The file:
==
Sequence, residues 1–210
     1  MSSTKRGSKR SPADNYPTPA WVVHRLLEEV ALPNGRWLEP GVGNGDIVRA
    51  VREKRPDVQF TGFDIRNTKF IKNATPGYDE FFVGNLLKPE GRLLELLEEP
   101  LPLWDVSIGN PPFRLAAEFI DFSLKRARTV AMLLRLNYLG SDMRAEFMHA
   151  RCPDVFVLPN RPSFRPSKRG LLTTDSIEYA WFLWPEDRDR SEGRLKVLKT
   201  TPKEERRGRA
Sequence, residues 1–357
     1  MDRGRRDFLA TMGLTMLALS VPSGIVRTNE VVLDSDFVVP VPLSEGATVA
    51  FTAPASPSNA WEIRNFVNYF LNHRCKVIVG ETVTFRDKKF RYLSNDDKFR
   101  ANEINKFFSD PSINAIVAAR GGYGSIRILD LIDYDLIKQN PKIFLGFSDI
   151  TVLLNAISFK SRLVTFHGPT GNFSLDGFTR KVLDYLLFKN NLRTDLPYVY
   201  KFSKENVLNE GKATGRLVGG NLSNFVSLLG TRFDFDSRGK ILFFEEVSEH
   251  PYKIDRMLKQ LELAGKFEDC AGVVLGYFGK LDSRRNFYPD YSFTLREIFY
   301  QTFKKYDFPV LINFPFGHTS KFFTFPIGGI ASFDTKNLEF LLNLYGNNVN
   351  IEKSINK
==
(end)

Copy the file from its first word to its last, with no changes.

Sequence, residues 1–210
     1  MSSTKRGSKR SPADNYPTPA WVVHRLLEEV ALPNGRWLEP GVGNGDIVRA
    51  VREKRPDVQF TGFDIRNTKF IKNATPGYDE FFVGNLLKPE GRLLELLEEP
   101  LPLWDVSIGN PPFRLAAEFI DFSLKRARTV AMLLRLNYLG SDMRAEFMHA
   151  RCPDVFVLPN RPSFRPSKRG LLTTDSIEYA WFLWPEDRDR SEGRLKVLKT
   201  TPKEERRGRA
Sequence, residues 1–357
     1  MDRGRRDFLA TMGLTMLALS VPSGIVRTNE VVLDSDFVVP VPLSEGATVA
    51  FTAPASPSNA WEIRNFVNYF LNHRCKVIVG ETVTFRDKKF RYLSNDDKFR
   101  ANEINKFFSD PSINAIVAAR GGYGSIRILD LIDYDLIKQN PKIFLGFSDI
   151  TVLLNAISFK SRLVTFHGPT GNFSLDGFTR KVLDYLLFKN NLRTDLPYVY
   201  KFSKENVLNE GKATGRLVGG NLSNFVSLLG TRFDFDSRGK ILFFEEVSEH
   251  PYKIDRMLKQ LELAGKFEDC AGVVLGYFGK LDSRRNFYPD YSFTLREIFY
   301  QTFKKYDFPV LINFPFGHTS KFFTFPIGGI ASFDTKNLEF LLNLYGNNVN
   351  IEKSINK